The concept of “having enough” can be applied to almost every topic. It is the idea of what is the breaking point of being subjected to a particular stimulus, and deciding that the stimulus must end. It can be applied to athletics, when an athlete either quits a workout because they can take no more pain, a relationship, work, etc. This particular post deals with crime in the bay area, in a particularly low crime area.
This past weekend, I went out and had Korean BBQ at Sahn Maru (delicious by the way) on Telegraph in Oakland, and then headed over to the Graduate for drinks. While I was out, my roommate “Dave” had stayed in, and said that the apartment had been cased-two people had walked down the hallway outside the apartment several times looking in the windows, had knocked on the door in a manner that made it impossible to see who they were-standing far from the peephole and reaching to knock. After my roommate made a fair amount of noise, the “inquiring” individuals left. Dave let me know the next morning, said he had a taser, and he put it by the front door. I took out my baseball bat, and put it next to the taser. This is not the first incidence we have had in the apartment complex; within a month of us moving into the building, criminals somehow got into the parking garage and broke into cars.
I currently live in Oakland. For people unfamiliar with the Bay Area, they immediately assume that Oakland is a high crime city-and they would be right, but only about certain areas. Like any major city, there are “safe” areas, and higher crime areas. Where I live is “supposed” to be safe-near another town called Piedmont, a wealthy local city that has great public schools and a very low crime rate. However, crime has been creeping into the area that I live-the border between Oakland and Piedmont. See these stories: Home invasions, Increase in robberies. I acknowledge, that in comparison to other areas, Piedmont is super safe.
In response to crimes, how does a community react? The city of Piedmont held a town hall meeting with the police department, calling for more officers, and potentially a license plate scanner at various entrances to the city to record who is entering and leaving the city. Having more officers will be a definite deterrent, and a license plate reader might do something, but what do you do when the people who are supposed to protect you can’t?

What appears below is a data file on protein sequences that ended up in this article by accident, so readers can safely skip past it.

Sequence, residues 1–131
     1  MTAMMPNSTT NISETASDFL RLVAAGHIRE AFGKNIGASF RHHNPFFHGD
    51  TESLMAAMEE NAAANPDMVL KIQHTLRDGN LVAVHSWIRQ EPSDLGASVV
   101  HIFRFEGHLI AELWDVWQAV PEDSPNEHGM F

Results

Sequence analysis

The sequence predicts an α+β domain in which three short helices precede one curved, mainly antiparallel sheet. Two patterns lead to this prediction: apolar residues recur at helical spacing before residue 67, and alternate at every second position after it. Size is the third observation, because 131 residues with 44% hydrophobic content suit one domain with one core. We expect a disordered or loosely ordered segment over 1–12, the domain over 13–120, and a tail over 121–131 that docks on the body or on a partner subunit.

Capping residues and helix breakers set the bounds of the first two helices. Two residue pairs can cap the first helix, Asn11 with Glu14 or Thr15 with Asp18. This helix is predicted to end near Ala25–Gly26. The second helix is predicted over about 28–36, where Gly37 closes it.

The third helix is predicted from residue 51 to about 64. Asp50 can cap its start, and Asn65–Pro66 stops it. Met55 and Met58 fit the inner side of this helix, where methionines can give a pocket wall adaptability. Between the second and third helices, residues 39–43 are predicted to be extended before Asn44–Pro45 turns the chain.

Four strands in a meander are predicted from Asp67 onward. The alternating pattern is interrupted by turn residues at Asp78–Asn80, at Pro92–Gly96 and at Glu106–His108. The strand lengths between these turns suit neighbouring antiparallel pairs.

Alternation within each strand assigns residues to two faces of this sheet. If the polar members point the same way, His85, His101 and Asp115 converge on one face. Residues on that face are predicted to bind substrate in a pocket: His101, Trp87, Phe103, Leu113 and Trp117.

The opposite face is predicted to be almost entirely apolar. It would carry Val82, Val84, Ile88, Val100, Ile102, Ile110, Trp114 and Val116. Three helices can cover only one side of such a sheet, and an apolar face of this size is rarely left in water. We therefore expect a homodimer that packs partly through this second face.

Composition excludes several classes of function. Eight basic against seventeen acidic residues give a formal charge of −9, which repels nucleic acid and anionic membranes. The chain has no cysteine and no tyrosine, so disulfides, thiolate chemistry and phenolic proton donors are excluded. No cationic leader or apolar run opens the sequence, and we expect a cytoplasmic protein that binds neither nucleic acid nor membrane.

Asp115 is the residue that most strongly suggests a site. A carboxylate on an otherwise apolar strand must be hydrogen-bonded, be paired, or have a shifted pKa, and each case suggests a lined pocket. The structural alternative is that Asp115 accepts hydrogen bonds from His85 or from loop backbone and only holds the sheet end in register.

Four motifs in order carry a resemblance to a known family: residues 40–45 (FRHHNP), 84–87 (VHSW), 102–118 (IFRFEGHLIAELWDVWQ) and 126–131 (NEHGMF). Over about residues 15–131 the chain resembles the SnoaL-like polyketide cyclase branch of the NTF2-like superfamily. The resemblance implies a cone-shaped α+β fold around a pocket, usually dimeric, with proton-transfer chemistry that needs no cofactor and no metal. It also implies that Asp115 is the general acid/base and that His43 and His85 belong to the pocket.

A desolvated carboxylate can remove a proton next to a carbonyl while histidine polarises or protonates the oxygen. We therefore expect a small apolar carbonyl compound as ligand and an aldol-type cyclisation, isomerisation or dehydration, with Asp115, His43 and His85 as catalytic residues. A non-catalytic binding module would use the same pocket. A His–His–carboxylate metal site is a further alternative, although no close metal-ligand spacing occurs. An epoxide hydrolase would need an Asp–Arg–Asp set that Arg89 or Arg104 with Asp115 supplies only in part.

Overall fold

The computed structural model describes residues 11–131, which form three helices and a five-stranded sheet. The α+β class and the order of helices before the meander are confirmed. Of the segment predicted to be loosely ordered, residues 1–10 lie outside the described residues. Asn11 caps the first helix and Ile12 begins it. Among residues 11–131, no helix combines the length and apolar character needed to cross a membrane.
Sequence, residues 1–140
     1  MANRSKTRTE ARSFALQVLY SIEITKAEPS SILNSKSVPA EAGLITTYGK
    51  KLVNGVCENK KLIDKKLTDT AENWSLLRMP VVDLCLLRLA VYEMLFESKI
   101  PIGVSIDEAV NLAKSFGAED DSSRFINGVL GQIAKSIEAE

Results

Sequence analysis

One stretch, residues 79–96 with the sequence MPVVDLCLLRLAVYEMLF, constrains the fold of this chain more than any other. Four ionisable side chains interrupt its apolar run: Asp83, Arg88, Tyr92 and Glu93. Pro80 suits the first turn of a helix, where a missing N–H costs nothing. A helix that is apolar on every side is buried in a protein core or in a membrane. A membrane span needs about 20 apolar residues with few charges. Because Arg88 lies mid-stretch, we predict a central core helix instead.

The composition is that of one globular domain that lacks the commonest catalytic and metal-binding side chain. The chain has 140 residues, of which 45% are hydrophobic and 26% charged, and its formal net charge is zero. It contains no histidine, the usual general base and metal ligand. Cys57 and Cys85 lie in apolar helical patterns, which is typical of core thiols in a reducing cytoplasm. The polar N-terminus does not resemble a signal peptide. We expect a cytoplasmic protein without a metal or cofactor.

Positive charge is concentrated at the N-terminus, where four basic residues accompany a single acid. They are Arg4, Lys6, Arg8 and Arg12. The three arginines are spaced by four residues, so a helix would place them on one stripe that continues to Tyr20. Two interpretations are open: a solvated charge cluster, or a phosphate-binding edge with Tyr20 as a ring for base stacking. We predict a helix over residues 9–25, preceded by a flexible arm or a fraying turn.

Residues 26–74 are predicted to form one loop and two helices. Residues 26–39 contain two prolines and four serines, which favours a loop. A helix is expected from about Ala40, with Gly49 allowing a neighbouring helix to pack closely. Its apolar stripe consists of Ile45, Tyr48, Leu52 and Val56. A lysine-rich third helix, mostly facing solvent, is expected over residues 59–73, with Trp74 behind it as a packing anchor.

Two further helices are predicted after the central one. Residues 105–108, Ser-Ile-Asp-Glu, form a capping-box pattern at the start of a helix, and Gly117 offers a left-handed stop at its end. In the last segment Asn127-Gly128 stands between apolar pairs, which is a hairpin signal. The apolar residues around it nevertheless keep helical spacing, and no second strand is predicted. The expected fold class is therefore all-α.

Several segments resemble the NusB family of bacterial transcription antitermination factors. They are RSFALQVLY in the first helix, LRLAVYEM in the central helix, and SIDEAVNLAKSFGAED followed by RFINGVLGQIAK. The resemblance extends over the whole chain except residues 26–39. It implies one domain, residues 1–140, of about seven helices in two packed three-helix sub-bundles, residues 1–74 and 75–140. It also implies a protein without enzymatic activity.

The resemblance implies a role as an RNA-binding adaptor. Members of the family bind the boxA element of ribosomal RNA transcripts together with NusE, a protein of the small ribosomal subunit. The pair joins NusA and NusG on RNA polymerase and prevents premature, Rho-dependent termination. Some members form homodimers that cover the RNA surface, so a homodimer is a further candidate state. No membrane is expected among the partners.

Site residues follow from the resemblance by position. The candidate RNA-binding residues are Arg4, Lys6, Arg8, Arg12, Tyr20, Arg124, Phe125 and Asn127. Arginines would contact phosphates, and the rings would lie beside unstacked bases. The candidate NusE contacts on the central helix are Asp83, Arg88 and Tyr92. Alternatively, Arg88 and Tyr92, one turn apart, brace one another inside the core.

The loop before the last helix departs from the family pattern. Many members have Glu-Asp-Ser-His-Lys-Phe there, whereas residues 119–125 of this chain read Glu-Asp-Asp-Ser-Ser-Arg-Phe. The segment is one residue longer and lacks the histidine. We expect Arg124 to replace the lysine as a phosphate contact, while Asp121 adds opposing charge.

Dave and my response was to put out some items that we could use as a deterrent, hoping that holding a taser and/or baseball bat will cause unwelcome people to think twice about entering our apartment. I think subconsciously, we held the idea that if the police were unable to defend us, we must. But what if these deterrents don't stop an intruder? Do we go buy guns and train to use them? That thought has passed through my mind many times. Obviously, a gun provides a greater deterrent than a baseball bat and taser.
These are, however, reactive, and not preventative measures. These measures don’t stop someone from trying to break into a home/car/commit some other crime. They only provide a manner of deterrence once an attempt at a criminal activity has started, and provide statistics for people to argue over.
So the question is when have we had “enough” to do something? What is that something? Does the action need to be drastic and severe? Or is there some other method of prevention that can be taken?
There is no easy answer to those questions. Everyone’s baseline of what is an acceptable amount of crime is different. People are willing to put up with different amounts of annoyance before they deal with an issue. A homeless person nagging you on a street corner for money is an annoyance most ignore, and near impossible to stop. A broken car window is a frustration that means you were lucky enough not to be there when the criminal decided he/she wanted what was on the inside, and hopefully you had nothing taken. To stop a car from being broken into, you can label your car as having a car alarm, but again, this is a reactive measure-it does not stop a criminal from breaking your window, just alerts others that a crime has occurred. A home invasion is a serious risk, but significantly rarer. Stopping a home invasion, once started, usually involves brandishing/using a weapon. The list of crimes that occur on a regular basis in the bay area could continue on, but hopefully you get the point. As the risk for harm goes up, the greater the likelihood that an individual will decide that he/she has had enough.
The more annoyance a community is willing to put up with, the more crime will occur. As crime rates go up, the baseline acceptance of what is acceptable must go down, and the willingness of the community to act must increase sharply. If a community does not act, then incidences will only increase.